How does one represent a “Here” of “yearning” and “nothingness”? How does one represent a “Here” when one is never allowed to be present or to matter?
A confession: Yvonne is a friend.
Another confession: I am useless at “reviewing” books because I want to linger on, to obsess over, to stay stuck on, to hold on as long as I can. I lack the reviewer’s ability to map broadly, to evaluate casually, to read for markets and to market.
“Here” occurs many places in Dust, as a particularly gendered insistence on women’s labor, women’s movements, women’s art:

Ajany cannot stop moving. When she dances, the dread dies. When she moves, she is not lost. When she moves, there is no absence. When the music moves her, there is such life she cries. The antics of a firefly caught in the memory of a once-perfect flame. Ajany dances.

If Dust is a restless book—and it is—how might that restlessness be embodied in Ajany’s dancing? In her multiple shifts across space—national and transnational? In the insistence on “Here”?

(One might argue that Ajany is present every time ellipses occur in the novel, for ellipses mark her speech, her stutter, her embodied speech. Every single time ellipses occur in the text, Ajany is made present, made “Here.”)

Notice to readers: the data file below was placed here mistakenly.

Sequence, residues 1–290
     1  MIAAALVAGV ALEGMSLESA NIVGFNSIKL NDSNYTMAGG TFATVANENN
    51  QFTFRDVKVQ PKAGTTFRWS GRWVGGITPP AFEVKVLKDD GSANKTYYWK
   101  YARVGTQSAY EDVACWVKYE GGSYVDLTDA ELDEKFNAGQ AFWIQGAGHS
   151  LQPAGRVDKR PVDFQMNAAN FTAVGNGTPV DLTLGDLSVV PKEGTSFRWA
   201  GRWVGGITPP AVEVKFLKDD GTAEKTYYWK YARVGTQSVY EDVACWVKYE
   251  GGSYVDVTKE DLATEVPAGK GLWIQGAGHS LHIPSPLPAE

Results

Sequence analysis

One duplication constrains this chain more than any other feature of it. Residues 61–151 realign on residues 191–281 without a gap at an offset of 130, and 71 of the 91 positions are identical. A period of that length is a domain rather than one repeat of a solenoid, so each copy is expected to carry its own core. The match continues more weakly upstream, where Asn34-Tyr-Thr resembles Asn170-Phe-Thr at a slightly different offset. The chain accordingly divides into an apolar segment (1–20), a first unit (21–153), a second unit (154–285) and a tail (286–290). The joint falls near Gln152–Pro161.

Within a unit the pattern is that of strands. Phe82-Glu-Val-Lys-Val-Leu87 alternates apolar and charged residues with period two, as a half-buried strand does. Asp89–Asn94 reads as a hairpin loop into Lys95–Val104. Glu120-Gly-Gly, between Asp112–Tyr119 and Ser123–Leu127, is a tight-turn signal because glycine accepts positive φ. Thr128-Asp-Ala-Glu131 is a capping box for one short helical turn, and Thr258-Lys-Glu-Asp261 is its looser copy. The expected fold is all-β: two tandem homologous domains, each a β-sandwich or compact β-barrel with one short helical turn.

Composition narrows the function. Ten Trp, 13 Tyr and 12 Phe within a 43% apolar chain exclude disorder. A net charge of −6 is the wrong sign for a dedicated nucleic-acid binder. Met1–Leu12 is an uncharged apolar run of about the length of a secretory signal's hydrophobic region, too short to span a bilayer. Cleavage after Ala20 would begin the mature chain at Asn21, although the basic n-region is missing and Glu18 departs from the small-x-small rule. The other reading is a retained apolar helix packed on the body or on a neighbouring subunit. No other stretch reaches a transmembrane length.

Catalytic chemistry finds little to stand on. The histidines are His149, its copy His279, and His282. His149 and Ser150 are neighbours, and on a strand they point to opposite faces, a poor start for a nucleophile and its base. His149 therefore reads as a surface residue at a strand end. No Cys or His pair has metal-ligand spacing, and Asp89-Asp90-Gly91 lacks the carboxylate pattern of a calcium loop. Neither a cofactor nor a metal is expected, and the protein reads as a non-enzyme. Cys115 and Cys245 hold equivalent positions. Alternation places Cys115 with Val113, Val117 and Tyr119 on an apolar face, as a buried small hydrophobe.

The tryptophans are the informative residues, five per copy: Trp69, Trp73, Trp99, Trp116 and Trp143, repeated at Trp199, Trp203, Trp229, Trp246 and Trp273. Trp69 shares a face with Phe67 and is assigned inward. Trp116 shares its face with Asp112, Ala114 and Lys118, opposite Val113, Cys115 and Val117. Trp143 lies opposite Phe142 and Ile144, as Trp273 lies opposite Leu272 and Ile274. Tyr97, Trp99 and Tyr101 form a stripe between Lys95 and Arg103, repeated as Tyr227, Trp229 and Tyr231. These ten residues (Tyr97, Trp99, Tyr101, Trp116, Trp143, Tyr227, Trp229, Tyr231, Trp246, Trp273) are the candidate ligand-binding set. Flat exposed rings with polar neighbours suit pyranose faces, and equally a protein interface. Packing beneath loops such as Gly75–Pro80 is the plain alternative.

One more instance of “Here,” less because it fits into an emerging thesis, and more because it’s been nagging at me since I read the novel. Also, because it made me cry.

Ajany discovers where Odidi was shot:

She has found the place.

She scrapes fragments of her brother’s dried, rusted blood onto a small piece of paper. . . . She has just noticed the sullied petals of a crushed lily when the acrid loathing surges from her body, gushes out of her mouth, and mingles with the chaos on the ground.
. . .
She has poured water into the wound on the ground, and scrubbed with her fingers and hands. But before she poured the water she had bent over, rested her head on the warm tarmac, touched the memory blood with her face. Ears to the ground, listening and waiting.
. . .
She will keep vigil over a spot of road.

What is it to be “Here”?

We later discover that Justina also keeps vigil at this “spot of road,” that she brings lilies to remember Odidi, her lover, the man she helped to survive. Why is Odidi “Here,” at a “spot of road” watched over, now, by two women? And what is a woman’s “Here”? What is Ajany’s “Here”?

Later, we will learn that Justina also paints. Justina also produces “Here”: “Justina cradles Ajany’s face, paintbrush in hand. She touches her brush to Ajany’s tears.” In part, Dust “is about” how easy it is to forget how women remember, how women live, how women “Here.”

Simultaneously, it reminds us how women “Here,” how they occupy now:here, how they represent now:here, how they paint with scraped up blood and tears, with stabbing brushes.

“Here . . .”

4 thoughts on “Reading Yvonne Owuor III

  1. beauty full review, lyrical…tenderly holds the narrative, the writer, the narrators…thank you

  2. I find your description of Ajany’s painting compelling. You mention: